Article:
author and activist, was born in Oglethorpe, Georgia, the daughter of slaves. Details of her life are sketchy. Little is known of her parents or her childhood beyond the date and place of her birth and the fact that she was born into bondage; thus, it is particularly intriguing that in 1870, only five years after the Thirteenth Amendment abolished slavery and one year after Atlanta University opened, seventeen-year-old Octavia was among the 170 students enrolled at that institution. Most of the little we know of her life comes from The House of Bondage (1890), the book that made her famous. From that source we learn that in 1873 she was teaching in Montezuma, Georgia, when she met her fellow teacher A. E. P. Albert. They married in 1874 and had one daughter.Sometime around 1877 Albert s husband was ordained as a Methodist ...

Article

The Autobiography of Malcolm X (1965) is a unique document, a classic American autobiography on a remarkable twentieth-century life. Published posthumously, the Autobiography covers Malcolm's life from his childhood in East Lansing, Michigan, through his time as a street hustler, prison inmate, Nation of Islam minister, and finally, independent Muslim minister and black nationalist. As in many autobiographies, the life described is both representative and unique. The work presents a valuable view of an African-American's experience in the urban underworld of the 1930s, and it also tells the story of how a strong, brilliant individual escaped that life and remade himself. Extremely well received by both whites and African Americans, it helped give voice to the emerging black power movement of the 1960s, offered a spectacular example of dedication and accomplishment, and presented an indictment of racism in the United States.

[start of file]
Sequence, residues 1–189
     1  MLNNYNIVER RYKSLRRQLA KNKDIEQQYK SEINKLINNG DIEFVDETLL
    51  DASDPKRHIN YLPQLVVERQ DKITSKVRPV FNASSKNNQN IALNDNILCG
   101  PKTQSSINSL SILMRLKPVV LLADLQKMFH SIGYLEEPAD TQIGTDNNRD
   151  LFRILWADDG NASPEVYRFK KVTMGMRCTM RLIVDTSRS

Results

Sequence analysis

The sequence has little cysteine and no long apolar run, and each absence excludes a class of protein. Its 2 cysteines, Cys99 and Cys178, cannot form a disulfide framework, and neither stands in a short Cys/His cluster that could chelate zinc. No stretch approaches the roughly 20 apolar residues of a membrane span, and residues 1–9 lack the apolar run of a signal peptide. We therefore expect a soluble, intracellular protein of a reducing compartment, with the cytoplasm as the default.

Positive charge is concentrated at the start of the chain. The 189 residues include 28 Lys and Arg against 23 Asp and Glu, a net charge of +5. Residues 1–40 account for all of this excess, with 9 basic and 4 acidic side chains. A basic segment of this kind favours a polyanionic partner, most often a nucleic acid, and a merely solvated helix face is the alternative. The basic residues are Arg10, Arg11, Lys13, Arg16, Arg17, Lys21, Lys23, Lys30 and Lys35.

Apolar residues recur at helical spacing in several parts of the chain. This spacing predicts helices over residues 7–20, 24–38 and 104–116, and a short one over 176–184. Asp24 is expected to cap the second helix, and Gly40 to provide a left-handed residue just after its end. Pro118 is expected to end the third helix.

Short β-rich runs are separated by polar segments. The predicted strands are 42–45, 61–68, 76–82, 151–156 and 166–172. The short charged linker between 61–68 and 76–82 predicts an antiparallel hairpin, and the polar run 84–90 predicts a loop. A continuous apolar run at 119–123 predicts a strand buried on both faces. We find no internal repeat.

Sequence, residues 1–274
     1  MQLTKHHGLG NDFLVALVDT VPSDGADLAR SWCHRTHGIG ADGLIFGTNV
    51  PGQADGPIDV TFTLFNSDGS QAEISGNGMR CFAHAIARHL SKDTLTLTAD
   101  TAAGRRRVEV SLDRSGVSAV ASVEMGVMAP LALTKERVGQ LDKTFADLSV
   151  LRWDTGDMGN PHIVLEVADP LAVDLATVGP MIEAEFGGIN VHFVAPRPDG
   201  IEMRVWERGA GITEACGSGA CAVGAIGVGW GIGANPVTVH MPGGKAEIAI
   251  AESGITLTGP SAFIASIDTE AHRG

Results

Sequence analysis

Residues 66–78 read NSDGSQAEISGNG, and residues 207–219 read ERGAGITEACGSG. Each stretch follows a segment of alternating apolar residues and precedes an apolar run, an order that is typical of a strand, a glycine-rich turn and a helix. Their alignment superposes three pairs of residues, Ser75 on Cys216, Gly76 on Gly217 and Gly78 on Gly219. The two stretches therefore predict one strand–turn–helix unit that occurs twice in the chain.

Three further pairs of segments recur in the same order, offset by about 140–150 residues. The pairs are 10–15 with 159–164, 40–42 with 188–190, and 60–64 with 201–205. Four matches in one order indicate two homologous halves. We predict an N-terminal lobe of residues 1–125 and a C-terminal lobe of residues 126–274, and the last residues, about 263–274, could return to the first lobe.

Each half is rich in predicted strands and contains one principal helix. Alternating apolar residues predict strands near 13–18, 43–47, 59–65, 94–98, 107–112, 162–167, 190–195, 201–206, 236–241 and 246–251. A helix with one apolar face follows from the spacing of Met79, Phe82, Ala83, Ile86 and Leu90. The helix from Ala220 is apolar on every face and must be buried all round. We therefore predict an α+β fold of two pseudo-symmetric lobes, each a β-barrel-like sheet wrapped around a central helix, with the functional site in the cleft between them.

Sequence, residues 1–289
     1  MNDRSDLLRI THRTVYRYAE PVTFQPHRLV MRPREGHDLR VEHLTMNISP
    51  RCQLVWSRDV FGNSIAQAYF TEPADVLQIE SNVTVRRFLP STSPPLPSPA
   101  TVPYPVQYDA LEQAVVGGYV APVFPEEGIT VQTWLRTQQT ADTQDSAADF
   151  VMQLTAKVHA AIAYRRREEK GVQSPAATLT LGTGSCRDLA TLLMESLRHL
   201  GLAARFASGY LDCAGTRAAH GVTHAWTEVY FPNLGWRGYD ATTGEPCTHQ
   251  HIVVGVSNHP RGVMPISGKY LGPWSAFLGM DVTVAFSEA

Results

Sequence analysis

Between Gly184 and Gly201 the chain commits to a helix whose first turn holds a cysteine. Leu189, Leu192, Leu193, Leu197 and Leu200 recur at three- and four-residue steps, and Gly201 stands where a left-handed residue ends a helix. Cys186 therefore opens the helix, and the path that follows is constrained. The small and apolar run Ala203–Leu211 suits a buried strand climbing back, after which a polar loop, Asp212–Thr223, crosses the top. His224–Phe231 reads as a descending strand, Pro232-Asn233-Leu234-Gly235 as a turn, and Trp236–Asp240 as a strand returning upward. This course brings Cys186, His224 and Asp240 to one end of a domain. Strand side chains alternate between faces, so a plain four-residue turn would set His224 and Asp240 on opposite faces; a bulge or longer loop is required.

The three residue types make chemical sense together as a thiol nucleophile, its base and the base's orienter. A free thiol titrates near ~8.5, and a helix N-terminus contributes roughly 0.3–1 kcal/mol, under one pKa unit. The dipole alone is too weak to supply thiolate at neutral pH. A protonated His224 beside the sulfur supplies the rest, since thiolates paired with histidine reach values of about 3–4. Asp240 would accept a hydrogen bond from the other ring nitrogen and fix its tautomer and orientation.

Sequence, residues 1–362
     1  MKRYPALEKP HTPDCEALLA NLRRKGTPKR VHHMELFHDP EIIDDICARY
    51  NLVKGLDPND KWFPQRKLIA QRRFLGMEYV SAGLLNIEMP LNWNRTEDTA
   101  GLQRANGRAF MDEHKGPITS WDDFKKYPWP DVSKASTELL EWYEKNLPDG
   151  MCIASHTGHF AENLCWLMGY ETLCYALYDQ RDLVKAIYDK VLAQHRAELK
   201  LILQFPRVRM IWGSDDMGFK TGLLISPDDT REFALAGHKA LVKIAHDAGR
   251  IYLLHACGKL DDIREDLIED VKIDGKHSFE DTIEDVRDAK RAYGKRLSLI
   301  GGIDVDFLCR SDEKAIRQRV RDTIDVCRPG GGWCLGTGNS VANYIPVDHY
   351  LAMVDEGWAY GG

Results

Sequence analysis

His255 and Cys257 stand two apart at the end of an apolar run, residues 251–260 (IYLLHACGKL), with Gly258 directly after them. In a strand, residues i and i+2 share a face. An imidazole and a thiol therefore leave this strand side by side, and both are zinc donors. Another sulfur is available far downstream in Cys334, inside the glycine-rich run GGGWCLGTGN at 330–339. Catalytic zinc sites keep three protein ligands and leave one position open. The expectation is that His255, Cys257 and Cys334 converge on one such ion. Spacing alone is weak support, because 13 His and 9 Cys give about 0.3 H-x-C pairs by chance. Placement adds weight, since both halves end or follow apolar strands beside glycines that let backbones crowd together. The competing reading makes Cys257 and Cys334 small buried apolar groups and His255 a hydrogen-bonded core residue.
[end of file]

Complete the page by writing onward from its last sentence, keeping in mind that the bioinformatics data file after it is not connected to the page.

Furthermore, the Autobiography demonstrates the ...

Article

Emad Abdul-Latif

Egyptian social activist and writer, was born in Alexandria on 1 December 1863 to an Ottoman-Kurdish father, who served as an administrator in Kurdistan before working in the Egyptian army, and an Upper Egyptian mother, the daughter of Ahmed Bek Khattab, who belonged to a prestigious family in Egypt. Amin attended Raʾas Al Tin primary school in Alexandria and high school in Cairo, after which he studied at the School of Law and Administration in Cairo and was there granted his BA degree in 1881. Four years later, he received another degree in Law from the University of Montpellier in France. He worked as a lawyer shortly after his graduation and then traveled on a scholarship to France, where he enrolled in the University of Montpellier. In 1885 he completed his four year study in law with distinction upon returning to Egypt he worked in the judiciary He ...

Article

Carolyn Wedin